In addition to being comfortable with everything described for Intermediate level, you have studied more advanced classic jazz routines such as the Trankey Doo, Big Apple, Dean Collins’ Shim Sham, Al & Leon Shim Sham or One Man Dance. You might also have created your own jazz choreographies. You are confident improvising at slow, medium and fast tempos. You are not afraid to jump in a jam on your own. You have put some effort into working on your side skills, such as spinning, sliding, flash steps or tap/soft-shoe rhythms. You are developing your own, unique style and personality in your jazz dancing. You have taken Jazz Roots classes from a number of different teachers, and probably attended workshops with international instructors. You are a fast learner and can keep up with routines in class. You want to be challenged.

I read the level descriptions, but I’m still not sure!

If you’re still not sure which level you should register for, email us and we’ll try to help!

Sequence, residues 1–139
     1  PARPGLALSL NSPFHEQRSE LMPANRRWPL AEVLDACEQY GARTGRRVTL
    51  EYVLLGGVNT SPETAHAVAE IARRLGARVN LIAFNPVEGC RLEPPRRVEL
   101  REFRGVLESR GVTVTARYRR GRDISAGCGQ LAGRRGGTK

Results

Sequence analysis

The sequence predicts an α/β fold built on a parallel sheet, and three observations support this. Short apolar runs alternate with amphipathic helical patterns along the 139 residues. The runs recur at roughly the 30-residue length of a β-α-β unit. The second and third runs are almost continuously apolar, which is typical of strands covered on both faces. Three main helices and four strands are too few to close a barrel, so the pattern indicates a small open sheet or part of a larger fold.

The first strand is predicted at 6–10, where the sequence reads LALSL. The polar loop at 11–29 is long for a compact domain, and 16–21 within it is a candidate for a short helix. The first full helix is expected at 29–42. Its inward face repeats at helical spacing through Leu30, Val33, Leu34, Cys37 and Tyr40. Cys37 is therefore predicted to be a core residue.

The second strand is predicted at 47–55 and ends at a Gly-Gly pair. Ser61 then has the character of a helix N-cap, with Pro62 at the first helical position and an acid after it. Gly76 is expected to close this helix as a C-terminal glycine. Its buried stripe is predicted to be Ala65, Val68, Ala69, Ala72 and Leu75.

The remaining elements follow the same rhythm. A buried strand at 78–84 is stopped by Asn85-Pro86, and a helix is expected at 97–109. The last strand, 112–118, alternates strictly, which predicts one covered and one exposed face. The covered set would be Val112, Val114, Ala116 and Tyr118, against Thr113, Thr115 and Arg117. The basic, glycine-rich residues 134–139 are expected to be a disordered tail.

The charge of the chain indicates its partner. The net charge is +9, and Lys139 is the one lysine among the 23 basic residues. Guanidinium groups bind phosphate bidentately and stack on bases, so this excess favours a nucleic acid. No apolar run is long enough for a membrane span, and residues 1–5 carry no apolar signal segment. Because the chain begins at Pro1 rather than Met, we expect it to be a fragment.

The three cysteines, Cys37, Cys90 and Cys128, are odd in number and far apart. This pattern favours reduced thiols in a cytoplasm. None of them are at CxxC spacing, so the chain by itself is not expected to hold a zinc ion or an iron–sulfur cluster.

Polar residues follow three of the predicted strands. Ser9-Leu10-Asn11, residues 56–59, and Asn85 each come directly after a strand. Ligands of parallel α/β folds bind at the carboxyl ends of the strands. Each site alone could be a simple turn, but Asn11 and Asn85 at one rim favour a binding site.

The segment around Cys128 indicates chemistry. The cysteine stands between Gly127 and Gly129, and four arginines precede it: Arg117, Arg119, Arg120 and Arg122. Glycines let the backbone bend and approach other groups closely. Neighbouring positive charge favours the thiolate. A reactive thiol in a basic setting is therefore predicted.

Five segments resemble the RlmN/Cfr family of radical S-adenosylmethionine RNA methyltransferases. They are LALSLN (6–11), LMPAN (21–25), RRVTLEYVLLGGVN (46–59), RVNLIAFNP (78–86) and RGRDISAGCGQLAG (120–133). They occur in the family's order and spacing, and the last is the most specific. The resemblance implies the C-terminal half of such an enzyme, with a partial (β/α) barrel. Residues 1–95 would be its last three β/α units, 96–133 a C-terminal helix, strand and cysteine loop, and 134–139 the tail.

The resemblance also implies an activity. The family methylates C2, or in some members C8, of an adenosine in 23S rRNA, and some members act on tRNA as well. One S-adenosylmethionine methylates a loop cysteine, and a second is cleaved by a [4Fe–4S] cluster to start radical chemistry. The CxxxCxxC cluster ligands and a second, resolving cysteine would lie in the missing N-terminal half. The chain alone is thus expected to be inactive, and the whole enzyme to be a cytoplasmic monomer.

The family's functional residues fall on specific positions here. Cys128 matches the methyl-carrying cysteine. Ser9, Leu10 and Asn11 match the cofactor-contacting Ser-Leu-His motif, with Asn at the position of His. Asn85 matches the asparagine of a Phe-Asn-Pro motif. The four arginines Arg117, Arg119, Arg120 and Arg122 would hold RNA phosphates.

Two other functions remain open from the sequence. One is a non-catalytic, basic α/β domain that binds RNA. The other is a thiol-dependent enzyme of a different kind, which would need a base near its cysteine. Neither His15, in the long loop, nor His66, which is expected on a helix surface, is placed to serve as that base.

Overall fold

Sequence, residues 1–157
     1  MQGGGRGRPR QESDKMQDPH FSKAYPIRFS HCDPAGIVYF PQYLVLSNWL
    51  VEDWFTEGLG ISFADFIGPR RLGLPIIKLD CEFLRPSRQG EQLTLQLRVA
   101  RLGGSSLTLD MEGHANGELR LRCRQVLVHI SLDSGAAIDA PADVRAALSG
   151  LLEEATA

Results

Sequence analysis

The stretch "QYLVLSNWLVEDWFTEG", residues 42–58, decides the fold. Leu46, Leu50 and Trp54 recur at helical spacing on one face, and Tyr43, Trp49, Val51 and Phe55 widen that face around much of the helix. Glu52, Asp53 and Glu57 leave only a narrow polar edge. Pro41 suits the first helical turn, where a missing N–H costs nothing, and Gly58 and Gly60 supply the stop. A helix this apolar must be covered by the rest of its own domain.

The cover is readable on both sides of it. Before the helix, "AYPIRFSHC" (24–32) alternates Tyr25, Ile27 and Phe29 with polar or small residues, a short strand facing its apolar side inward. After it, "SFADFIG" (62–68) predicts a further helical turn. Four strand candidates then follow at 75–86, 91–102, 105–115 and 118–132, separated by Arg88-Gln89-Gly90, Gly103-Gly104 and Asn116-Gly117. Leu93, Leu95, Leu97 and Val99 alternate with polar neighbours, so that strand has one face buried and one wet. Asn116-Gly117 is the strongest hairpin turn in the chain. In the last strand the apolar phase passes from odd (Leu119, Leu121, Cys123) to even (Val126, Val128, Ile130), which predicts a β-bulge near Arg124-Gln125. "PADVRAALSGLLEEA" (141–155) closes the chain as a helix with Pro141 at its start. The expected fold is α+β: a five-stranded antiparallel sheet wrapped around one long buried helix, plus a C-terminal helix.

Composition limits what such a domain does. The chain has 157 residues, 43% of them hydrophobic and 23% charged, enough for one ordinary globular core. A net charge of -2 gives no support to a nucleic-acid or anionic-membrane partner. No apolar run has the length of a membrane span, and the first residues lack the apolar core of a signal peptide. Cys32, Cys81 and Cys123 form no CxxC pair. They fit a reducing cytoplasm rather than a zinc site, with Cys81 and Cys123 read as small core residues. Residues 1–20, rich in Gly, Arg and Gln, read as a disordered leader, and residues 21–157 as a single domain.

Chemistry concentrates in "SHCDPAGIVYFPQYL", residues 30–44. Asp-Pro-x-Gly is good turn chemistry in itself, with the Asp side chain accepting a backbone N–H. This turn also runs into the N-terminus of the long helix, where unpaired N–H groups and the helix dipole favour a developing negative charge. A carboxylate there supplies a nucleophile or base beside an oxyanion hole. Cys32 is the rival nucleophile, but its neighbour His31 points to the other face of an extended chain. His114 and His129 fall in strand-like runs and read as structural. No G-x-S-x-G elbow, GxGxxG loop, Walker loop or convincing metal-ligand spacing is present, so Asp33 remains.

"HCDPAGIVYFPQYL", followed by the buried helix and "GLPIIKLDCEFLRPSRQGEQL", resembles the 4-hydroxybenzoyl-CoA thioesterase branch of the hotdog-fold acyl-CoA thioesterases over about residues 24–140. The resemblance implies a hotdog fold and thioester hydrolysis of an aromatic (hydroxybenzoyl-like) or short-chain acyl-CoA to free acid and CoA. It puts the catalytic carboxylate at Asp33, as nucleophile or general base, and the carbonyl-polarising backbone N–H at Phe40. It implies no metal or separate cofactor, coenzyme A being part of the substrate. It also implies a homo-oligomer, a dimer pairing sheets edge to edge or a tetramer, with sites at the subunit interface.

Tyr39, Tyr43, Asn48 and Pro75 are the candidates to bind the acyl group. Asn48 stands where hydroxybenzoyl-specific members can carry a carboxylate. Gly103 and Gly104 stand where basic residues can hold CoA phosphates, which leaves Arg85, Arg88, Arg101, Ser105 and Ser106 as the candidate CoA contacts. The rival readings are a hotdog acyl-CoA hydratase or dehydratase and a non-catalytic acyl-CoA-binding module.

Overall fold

Are there auditions? What is a “level split”?

Most of the workshops will have a “level split” at the beginning of the first class, to divide everyone that has registered for that workshop into two smaller groups, roughly by dance level. Those two groups will be in different rooms, but get the exact same teachers, teaching the exact same material, have the exact same class schedule and the same size classroom.

The “level split” will be run by the teachers. They will play music and ask you to dance, with half or the full group on the floor at once. They may ask you to change partners a few times, and they may ask you to dance to a few different tempos of music. They might even ask to dance with you themselves. But don’t worry, this is a casual and relaxed session – no pressure! The teachers are not looking for fancy or flashy moves, they mostly just want to see your social fundamentals, so feel free to stick to basic and classic steps, and don’t feel like you need to wear yourself out. You’ll be assigned to one group or the other, and your first class will begin immediately after the “level split” is finished.